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October 20, 2014

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O’Callaghan Middle School fight not to blame for student’s hospitalization, CCSD Police conclude

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Steve Marcus

Clark County School District Police Capt. Ken Young responds to questions as Lt. Darnell Couthen, left, looks on during a news conference at CCSD police headquarters in Henderson Tuesday, April 8, 2014. Police called the news conference to discuss a fight that occurred at O’Callaghan Middle School last Wednesday.

Updated Tuesday, April 8, 2014 | 4:02 p.m.

CCSD Police News Conference on Fight

Clark County School District Police Capt. Ken Young responds to questions during a news conference at CCSD police headquarters in Henderson Tuesday, April 8, 2014. Police called the news conference to discuss a fight that occurred at O'Callaghan Middle School last Wednesday. Launch slideshow »

O'Callaghan Middle School

A medical emergency, not a schoolyard beating, is to blame for landing an O’Callaghan Middle School student in the hospital last week, according to Clark County School District Police.

“There was a punch. There was a push. But nobody was kicked or beaten about the head,” Capt. Ken Young, CCSD Police spokesman, said in a news conference today. “(The girl) fell as a result of a medical emergency.”

Young said a fight broke out between two seventh-graders at the eastern valley middle school shortly before 1 p.m. Wednesday.

A 12-year-old girl and 13-year-old girl exchanged several shoves and punches, Young said. The fight lasted less than a minute before campus security monitors broke up the scuffle, he said.

The 13-year-old girl fell as a result of a medical emergency and was sent to UMC, where she remains under doctors’ care, Young said, declining to elaborate further on the girl's medical condition citing patient privacy issues. Contrary to widespread media reports based on student accounts, there were no major injuries to either girl, he said.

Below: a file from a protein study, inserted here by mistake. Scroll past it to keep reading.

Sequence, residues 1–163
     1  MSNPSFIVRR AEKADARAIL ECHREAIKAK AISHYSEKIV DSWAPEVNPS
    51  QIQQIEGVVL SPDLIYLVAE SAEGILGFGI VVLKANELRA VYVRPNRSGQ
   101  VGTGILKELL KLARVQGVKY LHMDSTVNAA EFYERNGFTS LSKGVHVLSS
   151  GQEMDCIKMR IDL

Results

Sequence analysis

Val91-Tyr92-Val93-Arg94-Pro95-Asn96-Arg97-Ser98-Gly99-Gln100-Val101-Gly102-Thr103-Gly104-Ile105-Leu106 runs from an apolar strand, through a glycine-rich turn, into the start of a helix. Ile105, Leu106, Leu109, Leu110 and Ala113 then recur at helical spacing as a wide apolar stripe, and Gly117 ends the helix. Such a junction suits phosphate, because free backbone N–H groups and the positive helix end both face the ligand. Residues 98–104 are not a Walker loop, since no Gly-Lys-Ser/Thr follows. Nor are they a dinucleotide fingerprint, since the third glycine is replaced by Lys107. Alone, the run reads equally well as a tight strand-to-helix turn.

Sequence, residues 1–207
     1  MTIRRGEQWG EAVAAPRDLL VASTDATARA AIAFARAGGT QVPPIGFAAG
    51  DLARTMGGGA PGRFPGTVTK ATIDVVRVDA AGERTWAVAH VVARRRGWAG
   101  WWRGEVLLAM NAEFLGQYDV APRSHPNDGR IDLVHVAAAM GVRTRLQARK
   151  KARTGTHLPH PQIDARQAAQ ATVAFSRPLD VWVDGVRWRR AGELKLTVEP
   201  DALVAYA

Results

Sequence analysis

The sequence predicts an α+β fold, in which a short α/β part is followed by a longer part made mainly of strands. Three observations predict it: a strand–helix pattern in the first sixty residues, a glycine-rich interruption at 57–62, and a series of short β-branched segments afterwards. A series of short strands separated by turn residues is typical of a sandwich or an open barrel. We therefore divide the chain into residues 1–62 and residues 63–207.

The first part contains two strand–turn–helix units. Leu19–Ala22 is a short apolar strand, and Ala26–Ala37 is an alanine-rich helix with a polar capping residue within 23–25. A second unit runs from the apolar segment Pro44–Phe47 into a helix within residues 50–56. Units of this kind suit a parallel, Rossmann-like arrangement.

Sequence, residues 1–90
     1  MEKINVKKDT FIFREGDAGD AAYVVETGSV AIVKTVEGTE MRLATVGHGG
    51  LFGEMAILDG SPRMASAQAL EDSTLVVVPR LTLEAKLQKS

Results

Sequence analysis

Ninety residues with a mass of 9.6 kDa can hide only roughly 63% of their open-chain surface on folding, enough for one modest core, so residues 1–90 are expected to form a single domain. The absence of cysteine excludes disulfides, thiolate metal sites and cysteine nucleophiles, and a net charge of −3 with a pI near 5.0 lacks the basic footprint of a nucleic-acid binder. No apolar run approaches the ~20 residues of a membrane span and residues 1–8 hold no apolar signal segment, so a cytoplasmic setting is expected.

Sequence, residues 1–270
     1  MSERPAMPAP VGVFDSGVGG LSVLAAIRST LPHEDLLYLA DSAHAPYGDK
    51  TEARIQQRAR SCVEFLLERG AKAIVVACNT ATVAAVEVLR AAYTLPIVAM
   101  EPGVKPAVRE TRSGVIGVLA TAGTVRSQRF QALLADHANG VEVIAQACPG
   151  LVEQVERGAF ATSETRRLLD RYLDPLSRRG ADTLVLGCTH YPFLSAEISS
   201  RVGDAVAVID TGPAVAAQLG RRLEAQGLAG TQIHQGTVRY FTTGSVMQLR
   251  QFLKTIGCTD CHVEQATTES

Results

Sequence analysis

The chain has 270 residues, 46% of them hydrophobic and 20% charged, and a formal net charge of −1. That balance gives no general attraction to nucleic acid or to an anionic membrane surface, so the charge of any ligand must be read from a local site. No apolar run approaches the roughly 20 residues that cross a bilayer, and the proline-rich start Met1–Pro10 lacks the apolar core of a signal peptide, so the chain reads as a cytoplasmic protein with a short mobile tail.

“The girl was not stomped on, bludgeoned or beaten,” Young said.

Young described the two girls as “mutual combatants” in the fight. He dismissed speculation that the fight precipitated from bullying, which is defined as a sustained physical and/or verbal abuse between two unequal parties where one has power over the other.

“This was not an ongoing bullying situation,” Young said. “This was a matter of two students with an ongoing strained relationship.”

Both students have been suspended from school, and both could face criminal charges and/or school disciplinary action, including expulsion, Young said. CCSD Police are working with Metro Police and the Clark County District Attorney’s Office to determine whether further action is warranted against the girls, one of whom recently transferred to O'Callaghan.

Young said officers from CCSD and Metro spoke to more than a dozen students, staff and teachers who witnessed the fight, which occurred during a nutrition break, or shortened lunch period. The fight occurred in a “blind spot” at the school quad and was not captured on security cameras.

The lack of video footage has allowed differing accounts of the fight to proliferate. Media interviews of students described a more violent and prolonged fight. Relatives of the injured girl told the Las Vegas Review-Journal last week that they believe the 13-year-old was bullied and that school officials knew about it.

Young said officers interviewed all the people quoted in media reports last week. They found that most student eyewitnesses were third-party to the fight, he said.

"A lot of them were at a distance when a lot of it happened," Young said after the press conference. "What we said today is what happened. We're not going to get into a back-and-forth with your readers."

CCSD Police have noticed a slight increase in fights between students this year. This particular fight was a “very rare occasion” where a student experienced a medical emergency and was transported to the hospital, Young added.

To combat gang activity and fights, CCSD Police launched a pilot program earlier this year, placing school police officers at 10 middle schools. O’Callaghan is not one of the schools in the program, but it is served by a school police officer shared among several campuses, Young said.

CCSD Police have increased their presence on O'Callaghan's campus this week as a result of the investigation, Young said. He urged parents to talk to students about safe ways to prevent or de-escalate a potential fight.

“If you see a fight, go get some help,” he said. “Don’t be a spectator.”

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